The choice of retail premises from which they could make their purchases, while never as great as that in London (where some Irish grandees preferred to shop for such goods) certainly improved over passing decades, and for local clients had the advantage of offering credit for purchases: FitzGerald provides a number of instances where goldsmiths such as Isaac D’Olier had to advertise that all accounts owing to him had to be settled immediately and in full. Then, as now, it was often cheaper to buy at auction, and these events regularly took place, often following a collector’s death: Charles Cobbe, who became Archbishop of Dublin in 1740 acquired a considerable amount of silverware at the sale of his late father-in-law Sir Richard Levinge’s effects. And silver was regularly melted down and refashioned as tastes, and consumer requirements changed.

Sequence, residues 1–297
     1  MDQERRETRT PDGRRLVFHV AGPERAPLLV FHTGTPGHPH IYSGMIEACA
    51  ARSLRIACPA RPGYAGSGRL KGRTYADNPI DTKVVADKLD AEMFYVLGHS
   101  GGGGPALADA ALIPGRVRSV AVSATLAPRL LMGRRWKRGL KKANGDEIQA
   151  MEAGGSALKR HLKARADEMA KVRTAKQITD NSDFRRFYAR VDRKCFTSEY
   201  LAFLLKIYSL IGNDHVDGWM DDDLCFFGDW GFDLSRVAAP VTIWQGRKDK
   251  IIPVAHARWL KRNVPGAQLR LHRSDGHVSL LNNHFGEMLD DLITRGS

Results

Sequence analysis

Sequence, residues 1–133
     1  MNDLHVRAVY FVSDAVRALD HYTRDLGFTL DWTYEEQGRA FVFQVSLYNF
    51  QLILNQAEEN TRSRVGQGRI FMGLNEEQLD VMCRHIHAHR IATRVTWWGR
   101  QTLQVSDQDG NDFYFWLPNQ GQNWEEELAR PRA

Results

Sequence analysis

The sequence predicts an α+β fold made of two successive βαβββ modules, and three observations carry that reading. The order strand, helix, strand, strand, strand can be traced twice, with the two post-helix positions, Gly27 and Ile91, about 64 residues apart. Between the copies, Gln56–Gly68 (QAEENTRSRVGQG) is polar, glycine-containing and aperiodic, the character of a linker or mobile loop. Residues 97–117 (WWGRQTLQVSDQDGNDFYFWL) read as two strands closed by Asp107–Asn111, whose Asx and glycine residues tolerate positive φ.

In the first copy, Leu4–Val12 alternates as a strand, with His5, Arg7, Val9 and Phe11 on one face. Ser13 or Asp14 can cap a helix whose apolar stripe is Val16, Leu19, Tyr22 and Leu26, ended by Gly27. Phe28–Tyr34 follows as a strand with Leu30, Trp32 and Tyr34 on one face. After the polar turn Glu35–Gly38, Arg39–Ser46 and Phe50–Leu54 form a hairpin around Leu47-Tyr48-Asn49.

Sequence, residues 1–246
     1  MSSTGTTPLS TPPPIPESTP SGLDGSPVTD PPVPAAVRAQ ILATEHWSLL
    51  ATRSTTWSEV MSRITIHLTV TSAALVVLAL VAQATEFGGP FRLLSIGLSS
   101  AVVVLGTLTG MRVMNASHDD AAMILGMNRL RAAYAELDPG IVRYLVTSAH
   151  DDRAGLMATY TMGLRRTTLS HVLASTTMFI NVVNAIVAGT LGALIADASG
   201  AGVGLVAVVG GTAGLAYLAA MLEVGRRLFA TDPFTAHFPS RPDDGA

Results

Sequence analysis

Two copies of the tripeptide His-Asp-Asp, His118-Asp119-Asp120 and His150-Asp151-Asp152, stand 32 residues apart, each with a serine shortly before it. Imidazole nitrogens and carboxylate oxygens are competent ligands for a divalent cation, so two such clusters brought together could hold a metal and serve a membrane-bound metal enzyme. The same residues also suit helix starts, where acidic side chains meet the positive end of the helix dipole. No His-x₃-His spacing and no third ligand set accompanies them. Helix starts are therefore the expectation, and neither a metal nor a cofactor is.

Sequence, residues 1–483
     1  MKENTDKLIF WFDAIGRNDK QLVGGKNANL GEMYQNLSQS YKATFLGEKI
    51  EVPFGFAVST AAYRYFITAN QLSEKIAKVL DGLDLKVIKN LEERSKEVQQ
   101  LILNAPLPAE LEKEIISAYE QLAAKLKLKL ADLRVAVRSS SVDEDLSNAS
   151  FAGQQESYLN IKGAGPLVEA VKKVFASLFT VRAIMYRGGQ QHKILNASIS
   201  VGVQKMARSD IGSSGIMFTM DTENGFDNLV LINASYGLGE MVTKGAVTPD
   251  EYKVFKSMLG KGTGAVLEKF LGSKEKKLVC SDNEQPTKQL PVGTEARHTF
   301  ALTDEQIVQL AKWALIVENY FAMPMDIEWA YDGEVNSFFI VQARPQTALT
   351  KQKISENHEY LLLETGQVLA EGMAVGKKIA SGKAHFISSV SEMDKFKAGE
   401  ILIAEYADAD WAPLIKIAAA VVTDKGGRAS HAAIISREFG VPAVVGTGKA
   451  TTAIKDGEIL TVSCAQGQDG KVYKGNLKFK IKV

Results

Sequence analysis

Some items survived better than others, not least teaspoons. The set of ten shown above above, dating from c.1800 and carrying the mark of Carden Terry and Jane Williams, was recently sold by Adam’s of Dublin for €2,500. On the other hand, buckles – once a staple in every gentleman’s wardrobe – gradually disappeared as styles of dress altered. In 1788 more than 24,000 silver buckles were sent to be assayed in Dublin, mostly intended for shoes and knee breeches: by 1800 that number had dropped to a mere eighteen. Once deemed redundant, they faced recycling, and accordingly only a certain number can now be found. The pair shown below, today in the collection of the San Antonio Museum of Art, were made c.1790 by Joseph Jackson of Dublin.
Drawing on a huge range of sources ranging from diaries and letters to contemporary guild accounts, inventories and trade ephemera – not to mention the archives of the Dublin Assay Office – Alison FitzGerald’s book is a wonderfully informative, entertaining and engaging read, absolutely packed with information and profusely illustrated with illustrations that complement an already eloquent text. A terrific addition to our knowledge of this period.